Mediterranean cuisine is the foods and methods of preparation by people of the Mediterranean Basin region. The idea of a Mediterranean cuisine originates with the cookery writer Elizabeth David's book, A Book of Mediterranean Food (1950), though she wrote mainly about French cuisine.
She and other writers including the Tunisian historian Mohamed Yassine Essid define the three core elements of the cuisine as the olive, wheat, and the grape, yielding olive oil, bread and pasta, and wine; other writers emphasize the diversity of the region's foods and deny that it is a useful concept.
The geographical area covered broadly follows the distribution of the olive tree, as noted by David and Essid.
A diet traditionally followed in Greece, Crete, southern France, and parts of Italy that emphasizes fruits and vegetables, nuts, grains, olive oil (as opposed to butter) and grilled or steamed chicken and seafood (as opposed to red meat). Plus a glass or two of red wine.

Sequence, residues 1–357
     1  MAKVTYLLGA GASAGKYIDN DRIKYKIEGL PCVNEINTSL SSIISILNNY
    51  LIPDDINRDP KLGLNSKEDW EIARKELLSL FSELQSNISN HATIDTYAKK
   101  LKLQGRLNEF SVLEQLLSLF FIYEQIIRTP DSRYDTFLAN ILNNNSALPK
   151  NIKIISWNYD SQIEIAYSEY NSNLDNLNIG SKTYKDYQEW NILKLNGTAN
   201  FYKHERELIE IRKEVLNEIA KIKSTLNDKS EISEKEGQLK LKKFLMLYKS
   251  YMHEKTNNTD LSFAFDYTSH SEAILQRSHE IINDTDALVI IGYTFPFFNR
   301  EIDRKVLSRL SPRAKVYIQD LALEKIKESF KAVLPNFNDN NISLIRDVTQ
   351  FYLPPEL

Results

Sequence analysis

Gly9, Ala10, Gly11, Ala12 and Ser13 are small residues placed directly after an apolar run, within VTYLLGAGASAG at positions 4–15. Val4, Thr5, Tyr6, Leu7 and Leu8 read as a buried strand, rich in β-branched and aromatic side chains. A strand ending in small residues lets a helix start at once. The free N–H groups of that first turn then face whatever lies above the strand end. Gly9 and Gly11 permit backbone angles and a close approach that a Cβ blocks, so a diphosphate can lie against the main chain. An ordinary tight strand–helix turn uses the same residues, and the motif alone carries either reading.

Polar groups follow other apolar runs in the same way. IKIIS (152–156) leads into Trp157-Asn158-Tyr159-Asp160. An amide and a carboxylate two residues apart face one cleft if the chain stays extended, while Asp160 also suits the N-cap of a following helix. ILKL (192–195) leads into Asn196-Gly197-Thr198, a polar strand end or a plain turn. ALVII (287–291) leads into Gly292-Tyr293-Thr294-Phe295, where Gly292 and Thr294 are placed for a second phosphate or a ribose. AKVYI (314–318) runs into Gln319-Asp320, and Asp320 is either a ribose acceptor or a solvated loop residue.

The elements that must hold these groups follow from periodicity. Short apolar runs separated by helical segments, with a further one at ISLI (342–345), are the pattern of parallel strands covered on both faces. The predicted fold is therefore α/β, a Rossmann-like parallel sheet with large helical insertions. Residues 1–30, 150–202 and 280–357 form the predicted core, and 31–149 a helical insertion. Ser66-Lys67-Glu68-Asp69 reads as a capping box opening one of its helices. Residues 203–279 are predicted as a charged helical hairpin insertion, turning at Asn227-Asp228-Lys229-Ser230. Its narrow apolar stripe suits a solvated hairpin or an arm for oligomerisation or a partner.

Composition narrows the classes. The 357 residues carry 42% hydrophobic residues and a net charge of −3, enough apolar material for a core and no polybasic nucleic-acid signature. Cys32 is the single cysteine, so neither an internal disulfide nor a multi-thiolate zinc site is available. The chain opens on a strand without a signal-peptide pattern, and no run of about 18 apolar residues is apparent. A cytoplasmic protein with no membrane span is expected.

To be exact, there is not merely one Mediterranean diet. What is eaten varies significantly from one Mediterranean country to another. There also are major differences in diet between some regions within a country, as in Italy. However, the shared features of what is usually spoken of as the Mediterranean-style diet are as follows:
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